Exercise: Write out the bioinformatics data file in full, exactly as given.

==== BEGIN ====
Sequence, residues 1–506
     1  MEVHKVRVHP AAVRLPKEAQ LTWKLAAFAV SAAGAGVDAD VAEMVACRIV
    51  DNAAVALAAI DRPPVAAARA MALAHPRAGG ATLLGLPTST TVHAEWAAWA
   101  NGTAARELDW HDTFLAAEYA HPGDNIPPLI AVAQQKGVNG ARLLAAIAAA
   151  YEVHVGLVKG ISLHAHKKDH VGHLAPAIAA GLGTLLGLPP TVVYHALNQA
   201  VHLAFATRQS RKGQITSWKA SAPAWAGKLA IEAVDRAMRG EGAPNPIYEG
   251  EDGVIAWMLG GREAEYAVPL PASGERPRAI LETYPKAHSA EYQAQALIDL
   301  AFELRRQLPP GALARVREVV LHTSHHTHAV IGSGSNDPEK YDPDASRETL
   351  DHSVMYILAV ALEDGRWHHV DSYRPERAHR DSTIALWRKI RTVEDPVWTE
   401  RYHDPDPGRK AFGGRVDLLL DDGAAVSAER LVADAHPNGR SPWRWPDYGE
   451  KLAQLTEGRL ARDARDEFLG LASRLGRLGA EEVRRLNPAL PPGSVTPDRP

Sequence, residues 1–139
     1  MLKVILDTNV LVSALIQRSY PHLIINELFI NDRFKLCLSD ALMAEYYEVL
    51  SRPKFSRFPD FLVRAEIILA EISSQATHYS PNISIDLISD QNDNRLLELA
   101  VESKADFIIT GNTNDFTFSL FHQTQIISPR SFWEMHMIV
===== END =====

Sequence, residues 1–506
     1  MEVHKVRVHP AAVRLPKEAQ LTWKLAAFAV SAAGAGVDAD VAEMVACRIV
    51  DNAAVALAAI DRPPVAAARA MALAHPRAGG ATLLGLPTST TVHAEWAAWA
   101  NGTAARELDW HDTFLAAEYA HPGDNIPPLI AVAQQKGVNG ARLLAAIAAA
   151  YEVHVGLVKG ISLHAHKKDH VGHLAPAIAA GLGTLLGLPP TVVYHALNQA
   201  VHLAFATRQS RKGQITSWKA SAPAWAGKLA IEAVDRAMRG EGAPNPIYEG
   251  EDGVIAWMLG GREAEYAVPL PASGERPRAI LETYPKAHSA EYQAQALIDL
   301  AFELRRQLPP GALARVREVV LHTSHHTHAV IGSGSNDPEK YDPDASRETL
   351  DHSVMYILAV ALEDGRWHHV DSYRPERAHR DSTIALWRKI RTVEDPVWTE
   401  RYHDPDPGRK AFGGRVDLLL DDGAAVSAER LVADAHPNGR SPWRWPDYGE
   451  KLAQLTEGRL ARDARDEFLG LASRLGRLGA EEVRRLNPAL PPGSVTPDRP

Sequence, residues 1–139
     1  MLKVILDTNV LVSALIQRSY PHLIINELFI NDRFKLCLSD ALMAEYYEVL
    51  SRPKFSRFPD FLVRAEIILA EISSQATHYS PNISIDLISD QNDNRLLELA
   101  VESKADFIIT GNTNDFTFSL FHQTQIISPR SFWEMHMIV